Lastly, I'll say this about myself: If I were convicted of a heinous crime that I actually committed - like some horrible thing, and it was worthy of the death penalty, I would rather have that than spend the rest of my life in a cage, which is horrible. A quick death seems much preferable (if I did it) than the alternative. And, if I'm to die I would like it to be in the most humane way possible - firing squad. Or guillotine. Lethal injection is horrible and cruel. Electrocution is horrible and cruel. Hanging is horrible and cruel.

Fast, no pain.

But, then, I may have a different view about death than you anyway. At 61 with health issues, my own feeling is that life is not always sacred - it is the quality of life that is sacred. Consider people in hospice. Some, who have family, are OK. But those who are alone and get one visit a week live in hell. In Colorado we have a law, thank God, that if you are terminally ill, you can opt to have your life ended legally. Not sure how that works, but the doctor has to sign off. And I think the person has to pull the trigger. Which is cool.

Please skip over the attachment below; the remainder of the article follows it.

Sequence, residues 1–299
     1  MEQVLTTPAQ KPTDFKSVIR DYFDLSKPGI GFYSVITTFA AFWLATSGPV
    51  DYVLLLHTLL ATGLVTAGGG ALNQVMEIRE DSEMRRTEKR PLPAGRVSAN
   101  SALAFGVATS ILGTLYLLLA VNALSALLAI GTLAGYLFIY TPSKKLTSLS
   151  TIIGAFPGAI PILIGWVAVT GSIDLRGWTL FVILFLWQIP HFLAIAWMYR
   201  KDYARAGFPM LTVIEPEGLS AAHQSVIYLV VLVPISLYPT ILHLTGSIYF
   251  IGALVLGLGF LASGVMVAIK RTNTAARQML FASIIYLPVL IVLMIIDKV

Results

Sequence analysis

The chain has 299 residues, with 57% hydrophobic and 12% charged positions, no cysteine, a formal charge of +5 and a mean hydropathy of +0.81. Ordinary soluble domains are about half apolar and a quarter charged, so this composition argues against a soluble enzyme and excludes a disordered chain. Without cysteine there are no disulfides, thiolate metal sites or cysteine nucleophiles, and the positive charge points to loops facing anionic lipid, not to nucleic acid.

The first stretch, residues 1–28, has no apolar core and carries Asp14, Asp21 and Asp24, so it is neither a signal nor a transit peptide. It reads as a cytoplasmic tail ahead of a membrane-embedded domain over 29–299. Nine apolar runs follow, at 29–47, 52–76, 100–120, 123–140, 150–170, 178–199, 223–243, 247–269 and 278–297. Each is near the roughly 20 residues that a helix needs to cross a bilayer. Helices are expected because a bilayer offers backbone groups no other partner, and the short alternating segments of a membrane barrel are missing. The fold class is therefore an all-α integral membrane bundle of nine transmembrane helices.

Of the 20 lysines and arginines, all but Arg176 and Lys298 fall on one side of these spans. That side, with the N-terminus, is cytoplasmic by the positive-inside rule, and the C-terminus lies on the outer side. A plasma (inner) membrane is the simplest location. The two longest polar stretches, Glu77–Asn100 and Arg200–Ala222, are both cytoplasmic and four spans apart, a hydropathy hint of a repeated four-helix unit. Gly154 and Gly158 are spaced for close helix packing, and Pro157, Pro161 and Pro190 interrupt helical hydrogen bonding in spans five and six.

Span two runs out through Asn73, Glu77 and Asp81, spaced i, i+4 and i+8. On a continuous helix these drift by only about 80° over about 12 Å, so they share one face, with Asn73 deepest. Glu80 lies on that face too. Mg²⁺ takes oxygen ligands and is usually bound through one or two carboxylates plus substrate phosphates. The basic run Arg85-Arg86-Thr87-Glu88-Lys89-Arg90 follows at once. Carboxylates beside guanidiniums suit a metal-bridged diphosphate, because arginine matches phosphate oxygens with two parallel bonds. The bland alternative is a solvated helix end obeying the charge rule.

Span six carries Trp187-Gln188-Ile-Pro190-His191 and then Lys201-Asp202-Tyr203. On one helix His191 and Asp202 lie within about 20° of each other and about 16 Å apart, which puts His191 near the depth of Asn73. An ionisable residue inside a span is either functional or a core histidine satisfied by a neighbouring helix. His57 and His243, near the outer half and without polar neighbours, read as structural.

I mean, I think about my nineteen year old cat. I loved that cat. But his kidneys were failing, he had a heart murmur, and his arthritis got so bad one day he couldn't move his hind legs. We had one of those vets who come to your home put him down.

By contrast, my mother got severe COPD. We had a couple emergencies, then the doctor told us that lack of oxygen had permanently damaged her brain and she couldn't take care of herself. He diagnosed 'hospice.' Now, I had visions of a nice place with a little room, brightly lit and airy, with nice people who would take care of her until the end...

LOL. That costs $6 large a month. Nope. We had HOME HOSPICE, where we had to move her into our home and set her up in our dining room on a hospital bed. She suffered for months. Months. She never wanted to be a burden. She told me, "The sooner I die, the better," but she lived. We got one of those crib monitors, and I can remember eyes meeting with my ex as we listened to her labored breathing.

Later, after it was over, we talked and found that each of us had thought of going quietly down and turning off her oxygen, but neither of us did. Just didn't have the heart.

So who was better off? My cat or my mother? This is why I roll my eyes when someone in the medical community expresses idealistic pro-life sentiments to me. Bottom line, life is hard, and then when our time comes we die. Who is to say what happens then? And who can say if we don't come later for another time around the wheel?